is the title of this New York Times op ed by Samuel Loewenberg. I think it should be mandatory reading. The Horn of Africa is facing massive famine. Loewenberg writes, appropriately I would say,
American attention to the hunger crisis has focused on the dire conditions of Somalis, but they account for just about a third of the 13 million people affected. According to the United Nations, hunger afflicts 4.5 million people in Ethiopia and 3.75 million people in Kenya, which has about half of Ethiopia’s population. An estimated half a million Kenyan children and pregnant or breast-feeding women suffer acute malnutrition.
He also writes
Unlike earthquakes or hurricanes, droughts and food price increases take time to develop, and the resulting hunger crises are forecast well in advance. From water harvesting to livestock support to cash assistance, there are a plethora of steps that could have significantly ameliorated the current crisis. Why weren’t they taken?
There is more, much more, in his op ed, including why it makes more sense to send money than our excess food – the latter loses half its value in transport, while the former allows local purchase which can help build up a sustainable food production system; to build roads – transport of food stuff and broader markets for local agriculture. We know that. You can read what he has to say.
I want to use his column as a starting point for a further discussion.
There are two parts to this discussion. The first is how we are contributing to famine around the world. The second is the real fear of the impact of malnutrition not just around the world, but here at home.
If these topics do not interest you, then please – stop reading.
Otherwise, I ask that you continue.
The United States is a major contributor to famine and hunger around the world. Our energy policy is one contributor. So are our agricultural policies – and this includes our own individual diets. So are the policies we impose on other nations through things like the IMF – and our policies on birth control. And finally, we cannot discount the impact of our aggressive use of military force in other nations.
Our energy policy – so long as we continue to pursue grain-based ethanol we are a major contributor. We drive up the price of grains, which are basic to the diets of many around the world. We encourage or at least acquiesce in the destruction of agricultural lands for the production of energy and the building of infrastructure. We devote more resources to the transportation of petroleum and liquified natural gas than we do to providing sustainable agriculture and nutrition, both at home and abroad. Our continued expansion of the use of fossil fuels is a major contributor to global climate change that seems to be a major factor in the kinds of droughts we are seeing ever more frequently, and not just in the Horn Africa – think of the extended droughts and fires in Texas, for example.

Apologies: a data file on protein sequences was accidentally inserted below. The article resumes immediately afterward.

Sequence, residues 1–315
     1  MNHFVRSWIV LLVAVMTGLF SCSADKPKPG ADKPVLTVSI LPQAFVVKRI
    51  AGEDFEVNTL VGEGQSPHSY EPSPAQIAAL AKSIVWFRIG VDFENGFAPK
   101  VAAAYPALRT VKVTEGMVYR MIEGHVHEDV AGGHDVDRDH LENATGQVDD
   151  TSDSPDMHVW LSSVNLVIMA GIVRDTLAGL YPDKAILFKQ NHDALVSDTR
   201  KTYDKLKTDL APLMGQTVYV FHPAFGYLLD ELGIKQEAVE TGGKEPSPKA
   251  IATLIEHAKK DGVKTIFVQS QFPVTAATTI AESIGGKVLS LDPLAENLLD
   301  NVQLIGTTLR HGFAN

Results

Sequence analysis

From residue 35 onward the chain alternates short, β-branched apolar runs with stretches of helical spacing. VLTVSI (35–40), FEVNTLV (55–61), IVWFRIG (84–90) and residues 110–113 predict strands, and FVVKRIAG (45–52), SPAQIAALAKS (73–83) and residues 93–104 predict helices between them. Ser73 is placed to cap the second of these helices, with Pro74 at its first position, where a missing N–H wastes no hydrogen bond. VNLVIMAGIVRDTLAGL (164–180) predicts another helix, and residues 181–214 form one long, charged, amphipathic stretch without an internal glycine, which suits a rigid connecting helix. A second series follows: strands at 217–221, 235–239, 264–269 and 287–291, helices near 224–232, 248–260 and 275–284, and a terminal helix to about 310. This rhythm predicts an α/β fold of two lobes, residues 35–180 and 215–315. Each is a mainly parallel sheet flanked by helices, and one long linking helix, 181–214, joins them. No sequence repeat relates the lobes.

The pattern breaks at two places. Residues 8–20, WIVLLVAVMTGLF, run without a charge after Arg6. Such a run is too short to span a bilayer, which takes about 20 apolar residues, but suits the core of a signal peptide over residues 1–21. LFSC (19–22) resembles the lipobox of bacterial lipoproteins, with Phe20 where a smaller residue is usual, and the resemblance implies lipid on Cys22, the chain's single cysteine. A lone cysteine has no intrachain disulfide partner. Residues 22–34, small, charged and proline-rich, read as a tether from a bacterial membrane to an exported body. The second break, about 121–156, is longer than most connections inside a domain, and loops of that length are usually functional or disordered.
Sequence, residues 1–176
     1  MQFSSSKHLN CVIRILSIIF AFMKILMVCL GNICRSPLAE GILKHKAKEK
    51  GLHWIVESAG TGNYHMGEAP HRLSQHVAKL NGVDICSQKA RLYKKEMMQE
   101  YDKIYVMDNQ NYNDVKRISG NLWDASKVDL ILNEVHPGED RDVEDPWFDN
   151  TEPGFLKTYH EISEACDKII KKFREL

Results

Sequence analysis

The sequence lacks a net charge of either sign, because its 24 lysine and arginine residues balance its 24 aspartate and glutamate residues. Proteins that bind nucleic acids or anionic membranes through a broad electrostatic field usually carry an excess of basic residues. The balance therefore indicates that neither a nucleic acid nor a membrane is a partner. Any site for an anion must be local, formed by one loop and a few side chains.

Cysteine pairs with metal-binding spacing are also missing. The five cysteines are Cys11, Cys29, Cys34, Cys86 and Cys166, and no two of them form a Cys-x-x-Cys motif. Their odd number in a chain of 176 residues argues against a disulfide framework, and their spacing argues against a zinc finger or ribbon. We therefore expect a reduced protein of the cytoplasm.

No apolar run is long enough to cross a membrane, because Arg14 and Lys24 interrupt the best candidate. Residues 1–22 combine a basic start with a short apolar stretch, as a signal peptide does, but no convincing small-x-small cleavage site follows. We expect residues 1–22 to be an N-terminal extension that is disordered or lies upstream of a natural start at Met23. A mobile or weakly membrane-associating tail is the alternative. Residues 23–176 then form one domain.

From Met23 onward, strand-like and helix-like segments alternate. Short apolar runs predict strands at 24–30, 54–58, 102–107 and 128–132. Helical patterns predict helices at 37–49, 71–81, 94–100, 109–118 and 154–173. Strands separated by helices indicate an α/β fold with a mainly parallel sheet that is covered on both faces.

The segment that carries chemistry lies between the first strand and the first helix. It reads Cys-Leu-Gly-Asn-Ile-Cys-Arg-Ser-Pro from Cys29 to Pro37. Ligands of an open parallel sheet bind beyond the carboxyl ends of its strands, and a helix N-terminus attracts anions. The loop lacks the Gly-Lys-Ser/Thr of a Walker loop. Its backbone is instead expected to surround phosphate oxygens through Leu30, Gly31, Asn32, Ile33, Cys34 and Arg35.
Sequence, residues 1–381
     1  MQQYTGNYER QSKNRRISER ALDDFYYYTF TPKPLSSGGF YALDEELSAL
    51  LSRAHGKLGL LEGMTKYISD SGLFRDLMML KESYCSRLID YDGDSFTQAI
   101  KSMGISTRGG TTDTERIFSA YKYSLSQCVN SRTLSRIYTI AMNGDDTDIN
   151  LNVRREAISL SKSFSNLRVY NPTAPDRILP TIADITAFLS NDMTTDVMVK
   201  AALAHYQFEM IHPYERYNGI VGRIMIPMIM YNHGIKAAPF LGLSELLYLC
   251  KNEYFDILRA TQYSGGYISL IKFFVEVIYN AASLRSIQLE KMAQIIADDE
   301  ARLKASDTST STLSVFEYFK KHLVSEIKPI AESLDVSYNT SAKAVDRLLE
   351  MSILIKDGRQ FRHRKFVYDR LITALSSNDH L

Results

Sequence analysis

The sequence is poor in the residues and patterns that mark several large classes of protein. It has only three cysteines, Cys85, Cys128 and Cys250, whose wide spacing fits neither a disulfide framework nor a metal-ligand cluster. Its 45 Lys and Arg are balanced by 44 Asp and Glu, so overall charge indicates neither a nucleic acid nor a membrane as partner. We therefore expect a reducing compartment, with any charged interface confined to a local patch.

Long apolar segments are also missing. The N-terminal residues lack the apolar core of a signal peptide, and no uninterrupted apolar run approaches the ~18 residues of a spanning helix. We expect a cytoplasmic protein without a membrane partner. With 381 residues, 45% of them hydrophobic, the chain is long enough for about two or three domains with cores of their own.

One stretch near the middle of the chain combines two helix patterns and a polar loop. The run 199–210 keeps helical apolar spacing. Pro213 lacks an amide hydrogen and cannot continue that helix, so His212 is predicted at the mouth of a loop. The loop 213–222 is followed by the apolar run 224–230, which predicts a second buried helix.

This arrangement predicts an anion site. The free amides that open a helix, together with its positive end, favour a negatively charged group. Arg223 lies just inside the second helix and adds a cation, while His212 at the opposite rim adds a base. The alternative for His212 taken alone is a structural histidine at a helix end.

Our Agricultural policies – here I remind people that I am a close friend of the current Secretary of Agriculture, whom I believe is trying to address some of these issues, but is not totally free to act. Also, not all of our agricultural policies are in his domain. Internationally we are pushing for genetically modified crops. We have patenting of seeds, we overly emphasize the use of chemical fertilizers. We insist on markets overseas for our ‘excess’ food production. We have for too many years had a policy that puts too much emphasis on monoculture production of “cash crops.” Our own diet requires far too much energy to produce – not merely in transportation, but also in how we fertilize our fields. We have tried to export our methods of agriculture – seed and fertilizer companies see “markets” and “profits” and insist our government assist them, even as these destroy sustainable agriculture in other nations. And of course our heavy reliance upon petroleum-based agriculture contributes to global climate change, as noted in discussing energy.
Our individual diets – In my lifetime the expansion of our consumption of meat, pork as well as beef, has been simply astounding. We use far too much of our grain for the fattening of livestock, which in terms of food energy is incredibly inefficient. Our demand for beef is so great that we are seeing the destruction of rain forests for the planting of grains to feed livestock and for greater grazing areas. This destruction is also a contributor to global climate change. Then there is the loss of potable water, in this case through pollution created in some case by the animal waste of things like massive pig farms in North Carolina. Water pollution is also occurring because of energy – think of the threat to the Ogallala Aquifer by the proposed Keystone XL Pipeline – and destruction of environment to gain access to energy sources in remote areas also risks poisoning water supplies for many. I also note that we want cheap seafood, which leads to things like the massive driftnets that kill much aquatic life (not just dolphins) that we don’t consume so that we can have cheaper prices for those species we do eat, or at least greater profits for some of the companies providing our sea food. In the process we are destroying the livelihoods of many – Nicholas Kristof has in the past pointed out the connection between the development of piracy in Somalia and the destruction of livelihood for Somali fishermen by the kinds of fishing Western companies do,.